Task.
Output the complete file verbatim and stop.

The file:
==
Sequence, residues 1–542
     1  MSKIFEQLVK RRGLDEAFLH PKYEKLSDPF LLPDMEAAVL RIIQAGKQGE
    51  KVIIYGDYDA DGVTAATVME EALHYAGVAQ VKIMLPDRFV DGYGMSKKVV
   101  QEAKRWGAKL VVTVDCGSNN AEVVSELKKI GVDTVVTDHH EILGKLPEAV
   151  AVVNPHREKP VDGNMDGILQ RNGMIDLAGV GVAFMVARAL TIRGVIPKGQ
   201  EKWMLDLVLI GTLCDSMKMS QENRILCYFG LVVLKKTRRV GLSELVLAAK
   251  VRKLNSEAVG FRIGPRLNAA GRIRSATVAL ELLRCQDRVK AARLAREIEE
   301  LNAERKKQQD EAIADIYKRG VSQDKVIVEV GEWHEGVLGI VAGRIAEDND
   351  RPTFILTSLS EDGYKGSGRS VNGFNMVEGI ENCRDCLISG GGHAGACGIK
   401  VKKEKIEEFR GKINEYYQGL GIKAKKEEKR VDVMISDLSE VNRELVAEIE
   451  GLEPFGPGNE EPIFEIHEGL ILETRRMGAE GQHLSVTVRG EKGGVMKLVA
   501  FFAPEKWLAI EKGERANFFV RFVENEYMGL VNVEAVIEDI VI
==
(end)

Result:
Sequence, residues 1–542
     1  MSKIFEQLVK RRGLDEAFLH PKYEKLSDPF LLPDMEAAVL RIIQAGKQGE
    51  KVIIYGDYDA DGVTAATVME EALHYAGVAQ VKIMLPDRFV DGYGMSKKVV
   101  QEAKRWGAKL VVTVDCGSNN AEVVSELKKI GVDTVVTDHH EILGKLPEAV
   151  AVVNPHREKP VDGNMDGILQ RNGMIDLAGV GVAFMVARAL TIRGVIPKGQ
   201  EKWMLDLVLI GTLCDSMKMS QENRILCYFG LVVLKKTRRV GLSELVLAAK
   251  VRKLNSEAVG FRIGPRLNAA GRIRSATVAL ELLRCQDRVK AARLAREIEE
   301  LNAERKKQQD EAIADIYKRG VSQDKVIVEV GEWHEGVLGI VAGRIAEDND
   351  RPTFILTSLS EDGYKGSGRS VNGFNMVEGI ENCRDCLISG GGHAGACGIK
   401  VKKEKIEEFR GKINEYYQGL GIKAKKEEKR VDVMISDLSE VNRELVAEIE
   451  GLEPFGPGNE EPIFEIHEGL ILETRRMGAE GQHLSVTVRG EKGGVMKLVA
   501  FFAPEKWLAI EKGERANFFV RFVENEYMGL VNVEAVIEDI VI